Without drastic action to protect natural environments, the rate of species extinction will only increase, says analysts. The findings come from a United Nations-backed panel called the Intergovernmental Science-Policy Platform on Biodiversity and Ecosystem Services or IPBES. According to the report, agricultural activities have had the largest impact on ecosystems that people depend on for food, clean water and a stable climate. The loss of species and habitats poses as much a danger to life on Earth as climate change does, says a summary of the work, released on 6 May.
The analysis extracts findings from nearly 15,000 studies and government reports, integrating information from the natural and social sciences, Indigenous peoples and traditional agricultural communities. It is the first major international appraisal of biodiversity since 2005. Representatives of 132 governments met last week in Paris to finalize and approve the analysis.
Biodiversity should be at the top of the global agenda alongside climate, said Anne Larigauderie, IPBES executive secretary, "We can no longer say that we did not know,"
"We have never had a single unified statement from the world's governments that unambiguously makes clear the crisis we are facing for life on Earth," says Thomas Brooks, chief scientist at the International Union for Conservation of Nature in Gland, Switzerland, who helped to edit the biodiversity analysis. "That is really the absolutely key novelty that we see here."
Without "transformative changes" to the world's economic, social and political systems to address this crisis, the IPBES panel projects that major biodiversity losses will continue to 2050 and beyond. "We are eroding the very foundations of our economies, livelihoods, food security, health and quality of life worldwide," says IPBES chair Robert Watson, an atmospheric chemist at the University of East Anglia in Norwich, UK.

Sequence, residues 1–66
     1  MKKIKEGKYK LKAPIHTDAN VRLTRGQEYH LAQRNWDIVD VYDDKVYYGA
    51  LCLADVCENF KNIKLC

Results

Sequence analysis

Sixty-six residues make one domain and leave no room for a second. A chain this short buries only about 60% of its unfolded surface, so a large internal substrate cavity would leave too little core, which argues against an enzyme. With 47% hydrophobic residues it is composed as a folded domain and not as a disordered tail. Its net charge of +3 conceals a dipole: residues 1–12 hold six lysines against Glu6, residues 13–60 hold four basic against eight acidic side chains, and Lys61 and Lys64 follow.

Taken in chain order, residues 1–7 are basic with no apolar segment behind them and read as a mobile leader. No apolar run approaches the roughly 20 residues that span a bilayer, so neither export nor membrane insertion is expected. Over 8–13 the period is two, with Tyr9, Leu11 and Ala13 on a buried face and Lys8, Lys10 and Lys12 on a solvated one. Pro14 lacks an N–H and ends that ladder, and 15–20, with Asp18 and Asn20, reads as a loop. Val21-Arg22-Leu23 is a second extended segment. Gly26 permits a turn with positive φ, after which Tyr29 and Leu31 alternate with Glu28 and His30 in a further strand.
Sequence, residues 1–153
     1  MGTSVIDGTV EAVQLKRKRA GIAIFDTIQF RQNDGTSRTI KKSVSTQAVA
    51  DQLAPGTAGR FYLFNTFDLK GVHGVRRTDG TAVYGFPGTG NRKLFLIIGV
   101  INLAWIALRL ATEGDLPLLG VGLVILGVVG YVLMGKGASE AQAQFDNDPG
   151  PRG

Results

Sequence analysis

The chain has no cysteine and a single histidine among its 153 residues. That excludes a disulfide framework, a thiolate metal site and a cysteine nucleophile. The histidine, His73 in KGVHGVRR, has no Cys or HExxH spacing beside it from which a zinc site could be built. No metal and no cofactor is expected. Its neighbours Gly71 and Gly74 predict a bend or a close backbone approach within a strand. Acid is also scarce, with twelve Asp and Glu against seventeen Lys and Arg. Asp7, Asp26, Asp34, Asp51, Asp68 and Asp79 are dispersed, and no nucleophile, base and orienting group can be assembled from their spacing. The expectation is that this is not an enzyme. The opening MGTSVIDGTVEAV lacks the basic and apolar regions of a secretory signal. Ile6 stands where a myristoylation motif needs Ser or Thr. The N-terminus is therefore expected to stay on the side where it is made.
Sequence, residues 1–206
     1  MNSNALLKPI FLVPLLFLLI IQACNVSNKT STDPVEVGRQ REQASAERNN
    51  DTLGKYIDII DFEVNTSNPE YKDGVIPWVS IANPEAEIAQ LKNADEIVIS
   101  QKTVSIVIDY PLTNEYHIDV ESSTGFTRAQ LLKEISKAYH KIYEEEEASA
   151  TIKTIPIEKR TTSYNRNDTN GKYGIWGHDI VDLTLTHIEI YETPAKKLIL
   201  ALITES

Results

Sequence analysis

About 75 percent of land and 66 percent of ocean areas have been "significantly altered" by people, driven in large part by the production of food, according to the IPBES report. Crop and livestock operations currently co-opt more than 33 percent of Earth's land surface and 75 percent of its freshwater resources.
The biggest threats to nature are the exploitation of plants and animals through harvesting, logging, hunting and fishing; climate change; pollution and the spread of invasive species. The IPBES report finds that the average abundance of native plants, animals and insects has fallen in most major ecosystems by at least 20 percent since 1900 because of invasive species-humans being the most invasive.
The report draws links between biodiversity loss and climate change. An estimated five percent of all species would be threatened with extinction by two degrees Celsius of warming above pre-industrial levels-a threshold that the world could breach in the next few decades, unless greenhouse-gas emissions are drastically reduced. Earth could lose 16 percent of its species if the average global temperature rise exceeds more than four degrees Celsius. Such damage to ecosystems would undermine global efforts to reduce poverty and hunger and promote more-sustainable development, the IPBES report says.
The IPBES report will help to set the agenda when governments negotiate new conservation goals for the next decade at the UN Convention on Biodiversity next year.